In examination of the “Lincoln Log” for December 8, 1863, the “President receives joint committee from 38th Congress and announces that Annual Message will be communicated to Congress tomorrow at 12:30 P.M. Senate Journal, 8. Annual report describes past year as one of health, sufficient harvests, improved conditions in national affairs, and peace with foreign powers. Treaties with Great Britain have suppressed African slave trade and adjusted possessory claims in Washington Territory. Negotiations with Spain, Chile, Peru, Nicaragua, and Colombia have been satisfactory. Foreigners within lines of insurgents are classed as belligerents, and naturalized persons must serve in military. Condition of organized territories is generally satisfactory. Under sharp discipline of civil war, Nation is beginning a new life. Operations of Treasury during last year have been successfully conducted. Pay of Army and Navy promptly met. People have borne burdens cheerfully. Blockade is increasing in efficiency; but illicit trade is not entirely suppressed. Production of war vessels has created new form of naval power. Post office may become self-supporting in few years. In Dept. of Interior public lands are being taken up, legislation is needed for Indian system, consideration should be given to enlarging water connections between Mississippi River and northeastern seaboard. When Congress assembled year ago, tone of public feeling and opinion at home and abroad was not satisfactory. With emancipation and employment of Negro troops there is new reckoning. Crisis which threatened to divide friends of Union is past. Looking to resumption of national authority within states, proclamation of amnesty and reconstruction is thought fit. State governments set up under prescribed mode will be recognized. War power is still main reliance. Chief care must be directed to Army and Navy. Annual Message to Congress, 8 December 1863, CW, 7:36-53.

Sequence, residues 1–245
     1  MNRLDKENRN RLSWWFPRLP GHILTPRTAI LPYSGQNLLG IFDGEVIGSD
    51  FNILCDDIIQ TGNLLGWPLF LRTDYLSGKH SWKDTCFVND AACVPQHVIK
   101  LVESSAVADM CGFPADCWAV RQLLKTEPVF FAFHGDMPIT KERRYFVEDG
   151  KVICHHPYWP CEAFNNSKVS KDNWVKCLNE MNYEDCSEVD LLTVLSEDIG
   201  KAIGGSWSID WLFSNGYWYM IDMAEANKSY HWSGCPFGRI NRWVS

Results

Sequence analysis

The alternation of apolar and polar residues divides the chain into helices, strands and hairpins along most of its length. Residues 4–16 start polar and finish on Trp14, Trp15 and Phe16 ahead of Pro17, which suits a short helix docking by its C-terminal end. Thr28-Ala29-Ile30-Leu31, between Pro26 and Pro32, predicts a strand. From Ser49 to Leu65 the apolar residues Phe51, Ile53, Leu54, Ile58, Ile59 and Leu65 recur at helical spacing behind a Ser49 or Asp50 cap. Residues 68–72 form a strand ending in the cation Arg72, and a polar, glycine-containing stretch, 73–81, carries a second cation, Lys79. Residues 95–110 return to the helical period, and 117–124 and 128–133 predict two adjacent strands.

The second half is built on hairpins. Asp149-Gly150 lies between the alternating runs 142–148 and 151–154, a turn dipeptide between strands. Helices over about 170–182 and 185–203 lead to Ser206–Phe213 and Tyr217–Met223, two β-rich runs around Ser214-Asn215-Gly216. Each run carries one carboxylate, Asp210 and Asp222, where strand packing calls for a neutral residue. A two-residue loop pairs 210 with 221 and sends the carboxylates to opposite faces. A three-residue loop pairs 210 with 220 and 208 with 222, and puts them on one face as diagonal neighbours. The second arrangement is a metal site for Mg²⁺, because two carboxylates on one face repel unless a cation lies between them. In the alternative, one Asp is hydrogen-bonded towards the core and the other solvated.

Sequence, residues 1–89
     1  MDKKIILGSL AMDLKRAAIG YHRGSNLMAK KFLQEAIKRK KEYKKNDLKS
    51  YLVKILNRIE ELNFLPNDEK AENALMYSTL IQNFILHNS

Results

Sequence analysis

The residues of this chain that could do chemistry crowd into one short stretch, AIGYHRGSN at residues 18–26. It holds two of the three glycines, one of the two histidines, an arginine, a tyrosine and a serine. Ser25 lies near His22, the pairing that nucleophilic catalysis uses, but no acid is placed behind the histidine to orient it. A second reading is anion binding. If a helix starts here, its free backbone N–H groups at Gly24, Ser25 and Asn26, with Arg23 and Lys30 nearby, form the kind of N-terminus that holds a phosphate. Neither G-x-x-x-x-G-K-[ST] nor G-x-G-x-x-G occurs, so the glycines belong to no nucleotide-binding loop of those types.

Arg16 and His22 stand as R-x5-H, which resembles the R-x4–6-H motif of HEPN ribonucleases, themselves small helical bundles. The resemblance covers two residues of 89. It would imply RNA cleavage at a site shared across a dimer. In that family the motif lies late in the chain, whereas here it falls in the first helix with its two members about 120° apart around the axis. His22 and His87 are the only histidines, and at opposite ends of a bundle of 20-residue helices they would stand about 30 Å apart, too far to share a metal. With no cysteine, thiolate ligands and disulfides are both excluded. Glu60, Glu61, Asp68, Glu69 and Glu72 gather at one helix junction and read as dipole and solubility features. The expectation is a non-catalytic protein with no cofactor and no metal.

President issues Proclamation of Amnesty and Reconstruction whereby: 1. Persons in rebellion, with certain exceptions, who take oath to support Constitution are granted full pardon. 2. Exceptions are civil, diplomatic, and specified defense agents of Confederate government, and persons guilty of mistreating Negro prisoners of war. 3. Governments reestablished as prescribed in rebellious states shall be recognized as free governments of such states. 4. President will not object to provisions adopted by reestablished governments in relation to freed people. 5. Proclamation has no reference to states wherein loyal state governments have been maintained. 6. Congress shall have sole right of admitting members representing reestablished governments. Proclamation of Amnesty and Reconstruction, 8 December 1863, CW, 7:53-56. [This proclamation is authority for pardons granted by Lincoln throughout remainder of war.] Lincoln sends "my profoundest gratitude" to Gen. Grant and his command for fighting at Chattanooga and Knoxville. Abraham Lincoln to Ulysses S. Grant, 8 December 1863, CW, 7:53. Deposits in Riggs Bank November salary warrant for $2,022.34. Pratt, Personal Finances, 183.  Nominates "Commander D. D. Porter, to be a Rear Admiral in Navy, on the Active List, from the 4th. July 1863." Abraham Lincoln to the Senate, 8 December 1863, CW, 7:56-57.  Recommends to Congress that "Capt. John Rodgers, U.S. Navy, receive vote of thanks" for skill and gallantry exhibited in engagement with rebel steamer "Fingal," alias "Atlanta." Abraham Lincoln to the Senate and House of Representatives, 8 December 1863, CW, 7:57.” (Lincoln n.d., 1863/12/8).”